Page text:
I believe in dedicated machines, not do everything. That said, my advice would be to get the tig machine of your choice and get the entire setup. Forget the mig until the need arises, and then get the one you need. The non CV 280 with the tig runner is super badass. If you bought the CV version with the tig runner package but without the reach feeder you would still have both mig options open when the need arose for a mig.
                  After a dozen or so years welding with air cooled and then switching to water cooled, I would never go back. I had an entire junkyard of burnt up air cooled stuff. The difference is daylight and dark on aluminum welding. The 280 would fry the air cooled torch in a short time. So will the 210 for that matter.
                  The reason I have a 200 is I used to do portable welding as well as shop. it is now my steel tig machine and I use it for marine aluminum casting work also because it is new enough that it has sine wave. The 280 gets the living snot ran out of it daily on pontoon boats as does the 700.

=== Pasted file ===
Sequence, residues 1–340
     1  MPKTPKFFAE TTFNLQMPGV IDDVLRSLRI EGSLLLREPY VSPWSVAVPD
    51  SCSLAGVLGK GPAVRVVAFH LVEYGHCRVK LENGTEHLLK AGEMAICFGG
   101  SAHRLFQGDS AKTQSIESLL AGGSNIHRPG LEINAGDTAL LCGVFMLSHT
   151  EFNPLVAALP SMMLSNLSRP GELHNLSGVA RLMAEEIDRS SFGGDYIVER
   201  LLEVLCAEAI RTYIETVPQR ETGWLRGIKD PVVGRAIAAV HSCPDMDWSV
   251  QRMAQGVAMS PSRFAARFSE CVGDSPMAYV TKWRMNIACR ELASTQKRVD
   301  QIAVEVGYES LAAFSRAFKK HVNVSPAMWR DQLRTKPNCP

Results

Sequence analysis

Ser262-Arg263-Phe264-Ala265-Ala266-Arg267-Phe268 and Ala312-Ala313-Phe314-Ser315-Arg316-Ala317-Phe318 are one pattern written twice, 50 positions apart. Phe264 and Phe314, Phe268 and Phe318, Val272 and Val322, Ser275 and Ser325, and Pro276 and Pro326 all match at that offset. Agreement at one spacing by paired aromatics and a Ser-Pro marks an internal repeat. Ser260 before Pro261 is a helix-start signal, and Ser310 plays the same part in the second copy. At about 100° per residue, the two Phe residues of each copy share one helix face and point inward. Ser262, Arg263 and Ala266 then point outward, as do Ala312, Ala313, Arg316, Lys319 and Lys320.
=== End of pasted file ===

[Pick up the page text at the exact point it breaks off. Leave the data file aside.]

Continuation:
The 200 and the 280 have the factory carts. The 700 has it's own cart that I made and never quite finished but it works fine for now.




                  www.facebook.com/outbackaluminumwelding
                  Miller Dynasty 700...OH YEA BABY!!
                  MM 350P...PULSE SPRAYIN' MONSTER
                  Miller Dynasty 280 with AC independent expansion card
                  Miller Dynasty 200 DX "Blue Lightning"

                  Miller Bobcat 225 NT (what I began my present Biz with!)
                  Miller 30-A Spoolgun
                  Miller WC-115-A
                  Miller Spectrum 300
                  Miller 225 Thunderbolt (my first machine bought new 1980)
                  Miller Digital Elite Titanium 9400

                  Comment


                  • #10